It's all helping to prompt decision makers at companies to evaluate and implement "new strategies, techniques, and technologies that promise to deliver greater value to the business in a more economical fashion".

Jackson at Actian emphasises that partners are also in a position to offer bespoke vertical solutions and specific know-how or applications that they can complement with bespoke training and services.

Vertical expertise is something that Antunes at SAP also values. In SAP's experience, he says, channel partners with very specific vertical knowledge can bring the SAP solution to life. The requirements for a company in the manufacturing sector, for example, can be very different than for a business in retail, wholesale or distribution and that's where partners can add a huge amount of value. They can start a conversation around a customer's pain points and apply their expertise to deliver a BI solution that suits their business.

The channel has the ability to help bring business specific data to life "by using their expertise to turn the data into actionable insights - for example, offering packages that integrate structured and unstructured data, and even information from social networks". He says that many resellers are currently having conversations "about the necessity for BI within businesses of almost any size".

The other part of the discussion is around "the importance of choosing one vendor to supply multiple technology solutions in order to negate the consequences of using several systems that work well in their own right but have no means of working with one another".

This argument for a suite-based approach is not dogmatic, however. SAP has around 35 resellers that sell its BI product but don't sell its ERP suite at all. "They make a living purely out of business analytics," Antunes says, and almost all of them are selling to SMEs.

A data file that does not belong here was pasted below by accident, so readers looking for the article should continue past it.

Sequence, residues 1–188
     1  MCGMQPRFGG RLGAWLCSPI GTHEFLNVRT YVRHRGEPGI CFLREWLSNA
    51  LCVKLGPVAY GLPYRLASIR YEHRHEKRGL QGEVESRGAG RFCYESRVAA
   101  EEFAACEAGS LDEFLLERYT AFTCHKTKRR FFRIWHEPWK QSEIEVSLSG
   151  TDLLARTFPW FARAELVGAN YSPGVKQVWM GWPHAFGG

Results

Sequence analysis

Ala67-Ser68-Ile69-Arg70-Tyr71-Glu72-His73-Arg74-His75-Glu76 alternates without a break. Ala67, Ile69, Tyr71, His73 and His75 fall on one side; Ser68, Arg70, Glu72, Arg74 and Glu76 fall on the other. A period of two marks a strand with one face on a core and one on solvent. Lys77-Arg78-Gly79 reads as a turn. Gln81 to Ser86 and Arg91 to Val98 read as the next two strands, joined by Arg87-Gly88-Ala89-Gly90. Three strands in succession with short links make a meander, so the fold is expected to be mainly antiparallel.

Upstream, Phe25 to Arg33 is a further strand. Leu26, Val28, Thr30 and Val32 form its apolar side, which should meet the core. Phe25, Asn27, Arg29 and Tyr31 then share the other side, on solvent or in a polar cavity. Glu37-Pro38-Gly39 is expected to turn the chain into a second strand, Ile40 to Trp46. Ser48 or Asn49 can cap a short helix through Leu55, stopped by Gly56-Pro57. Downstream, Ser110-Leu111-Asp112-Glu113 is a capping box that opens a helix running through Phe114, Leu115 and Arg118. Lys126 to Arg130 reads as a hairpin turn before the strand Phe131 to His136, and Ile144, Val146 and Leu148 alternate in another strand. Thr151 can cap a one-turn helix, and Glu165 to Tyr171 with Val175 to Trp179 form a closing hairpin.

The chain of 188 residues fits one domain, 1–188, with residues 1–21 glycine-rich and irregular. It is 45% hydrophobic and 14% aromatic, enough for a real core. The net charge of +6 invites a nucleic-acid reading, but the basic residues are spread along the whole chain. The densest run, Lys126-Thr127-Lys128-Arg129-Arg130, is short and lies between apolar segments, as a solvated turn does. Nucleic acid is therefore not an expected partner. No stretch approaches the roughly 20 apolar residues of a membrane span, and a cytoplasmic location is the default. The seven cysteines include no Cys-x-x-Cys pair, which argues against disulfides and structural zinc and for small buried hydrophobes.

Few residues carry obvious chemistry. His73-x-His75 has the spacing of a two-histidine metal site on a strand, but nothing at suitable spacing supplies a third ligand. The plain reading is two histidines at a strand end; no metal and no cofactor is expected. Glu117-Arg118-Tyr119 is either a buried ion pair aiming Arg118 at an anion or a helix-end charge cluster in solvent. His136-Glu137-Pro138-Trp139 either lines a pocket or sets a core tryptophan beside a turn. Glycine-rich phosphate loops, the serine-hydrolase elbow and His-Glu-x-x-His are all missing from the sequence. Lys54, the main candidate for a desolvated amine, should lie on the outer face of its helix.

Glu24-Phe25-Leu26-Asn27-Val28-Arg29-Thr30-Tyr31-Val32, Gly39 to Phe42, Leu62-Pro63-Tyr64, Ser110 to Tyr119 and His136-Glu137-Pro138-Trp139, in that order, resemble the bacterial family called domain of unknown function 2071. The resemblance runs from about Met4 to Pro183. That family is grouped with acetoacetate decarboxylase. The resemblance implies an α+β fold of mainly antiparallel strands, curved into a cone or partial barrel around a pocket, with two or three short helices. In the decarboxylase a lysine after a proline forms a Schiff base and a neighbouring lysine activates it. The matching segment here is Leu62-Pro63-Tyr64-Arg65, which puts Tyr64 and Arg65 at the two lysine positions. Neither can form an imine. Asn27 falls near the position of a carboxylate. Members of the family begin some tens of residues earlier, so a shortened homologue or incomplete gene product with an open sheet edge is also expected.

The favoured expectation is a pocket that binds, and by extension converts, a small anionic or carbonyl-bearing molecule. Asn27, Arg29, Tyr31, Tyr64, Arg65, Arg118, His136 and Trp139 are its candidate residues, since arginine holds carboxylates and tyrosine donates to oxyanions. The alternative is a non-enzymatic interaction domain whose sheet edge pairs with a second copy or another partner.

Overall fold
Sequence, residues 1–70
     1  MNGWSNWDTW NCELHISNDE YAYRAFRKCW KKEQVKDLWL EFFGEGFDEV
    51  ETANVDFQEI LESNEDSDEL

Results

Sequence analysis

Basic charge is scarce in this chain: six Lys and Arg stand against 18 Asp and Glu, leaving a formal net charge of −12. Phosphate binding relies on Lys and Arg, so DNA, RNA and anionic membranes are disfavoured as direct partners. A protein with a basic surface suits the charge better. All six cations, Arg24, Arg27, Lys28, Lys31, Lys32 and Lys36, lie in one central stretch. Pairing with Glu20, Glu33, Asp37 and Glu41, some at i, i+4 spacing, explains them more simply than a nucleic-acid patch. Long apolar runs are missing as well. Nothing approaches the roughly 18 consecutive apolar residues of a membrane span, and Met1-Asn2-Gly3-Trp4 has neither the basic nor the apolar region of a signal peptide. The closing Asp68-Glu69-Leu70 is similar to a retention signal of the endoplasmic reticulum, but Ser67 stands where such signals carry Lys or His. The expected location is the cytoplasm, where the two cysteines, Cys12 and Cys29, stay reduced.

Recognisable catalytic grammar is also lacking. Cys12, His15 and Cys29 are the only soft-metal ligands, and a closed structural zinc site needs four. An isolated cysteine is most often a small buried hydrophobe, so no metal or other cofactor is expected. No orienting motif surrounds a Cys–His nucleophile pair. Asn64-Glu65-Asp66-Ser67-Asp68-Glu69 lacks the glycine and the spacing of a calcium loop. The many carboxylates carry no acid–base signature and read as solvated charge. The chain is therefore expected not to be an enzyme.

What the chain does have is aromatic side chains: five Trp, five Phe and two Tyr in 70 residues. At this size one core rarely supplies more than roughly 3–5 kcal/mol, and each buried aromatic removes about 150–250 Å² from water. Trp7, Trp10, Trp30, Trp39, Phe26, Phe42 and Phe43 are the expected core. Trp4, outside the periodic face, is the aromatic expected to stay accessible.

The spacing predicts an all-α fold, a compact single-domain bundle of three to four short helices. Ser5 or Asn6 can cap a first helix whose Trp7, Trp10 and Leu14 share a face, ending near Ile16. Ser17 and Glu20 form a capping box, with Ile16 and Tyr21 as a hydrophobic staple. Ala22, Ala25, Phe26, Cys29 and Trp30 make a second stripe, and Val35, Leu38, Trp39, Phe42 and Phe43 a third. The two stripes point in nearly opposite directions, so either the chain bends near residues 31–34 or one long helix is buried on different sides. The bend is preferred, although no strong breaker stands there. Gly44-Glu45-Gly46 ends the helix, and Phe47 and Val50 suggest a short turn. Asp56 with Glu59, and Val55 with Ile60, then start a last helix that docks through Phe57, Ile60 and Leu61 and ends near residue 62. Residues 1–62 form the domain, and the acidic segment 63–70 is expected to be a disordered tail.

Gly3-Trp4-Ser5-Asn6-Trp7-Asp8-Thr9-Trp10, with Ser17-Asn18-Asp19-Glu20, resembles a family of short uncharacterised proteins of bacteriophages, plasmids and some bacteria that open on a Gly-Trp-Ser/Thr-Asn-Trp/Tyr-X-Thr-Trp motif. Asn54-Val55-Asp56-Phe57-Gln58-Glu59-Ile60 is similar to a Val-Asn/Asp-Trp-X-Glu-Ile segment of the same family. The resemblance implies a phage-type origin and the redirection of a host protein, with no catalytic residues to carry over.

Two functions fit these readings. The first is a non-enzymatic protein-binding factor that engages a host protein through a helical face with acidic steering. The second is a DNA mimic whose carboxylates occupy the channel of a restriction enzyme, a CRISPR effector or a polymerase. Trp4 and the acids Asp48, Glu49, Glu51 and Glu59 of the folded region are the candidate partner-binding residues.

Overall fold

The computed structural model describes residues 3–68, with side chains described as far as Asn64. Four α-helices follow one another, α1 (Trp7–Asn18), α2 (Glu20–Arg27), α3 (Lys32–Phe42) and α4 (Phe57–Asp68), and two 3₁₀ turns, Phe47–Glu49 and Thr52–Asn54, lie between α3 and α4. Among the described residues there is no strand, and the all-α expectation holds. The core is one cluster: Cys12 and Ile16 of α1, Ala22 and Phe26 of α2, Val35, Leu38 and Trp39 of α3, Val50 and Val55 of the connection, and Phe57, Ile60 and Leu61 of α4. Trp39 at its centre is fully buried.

The advantage of selling SAP's BI product is that it can work with any ERP system, not just SAP's. Even so, as with the ERP product, most of the resellers target specific verticals that they really understand. And it says something about the importance of business analytics to SAP that it accounts for more than 50% of its global revenue.

While rival Sage offers BI as a module out of the box with its Sage 200 suite, its resellers that are taking a prominent role in evangelising its benefits to SME customers. Many are starting to unveil the BI capabilities to customers at the beginning of the conversation and show that with OLAP (online analytical processing) out of the box, customers can start slicing and dicing data any way they want, Shankland claims. Partners are giving customers day-to-day examples of how it can be used in terms of gleaning better intelligence about the products they sell, for example, and the customers they sell to.

She quotes one Sage business partner that claims as many as 90% of its customers are using BI. The partner in question carries out a minimum of one day of BI training with customers and the feedback from customers is that they prefer it to the standard reports. Another partner has implemented BI on every site since the module was released.

realisation tipping point lightbulb concept.jpgReaching the tipping point
According to Shankland, feedback suggests that anywhere between 50% and 90% of business partners' customers are interested in using BI. That suggests a tipping point is approaching.

From a business partner's point of view, having BI as a module gives them another weapon in their armoury when talking to customers (and a potentially very relevant one too). It also gives them another opportunity to strengthen their relationship with the customer and take it to the next level by introducing intelligence and analytics to their business.

Citing the Gartner survey, which showed that BI was the number one technology priority for CIOs in 2012, Shankland says that although the survey was focused on larger companies, the economic pressures driving them to concentrate on reducing costs and achieving better decision making within their organisations are just as relevant to small businesses.

The big challenge for the channel and vendors is to ensure that the products and know-how are available to meet the demands of those businesses as the opportunity arises. And that's something that requires real business intelligence.

Images courtesy: Chad Baker, Thomas Northcut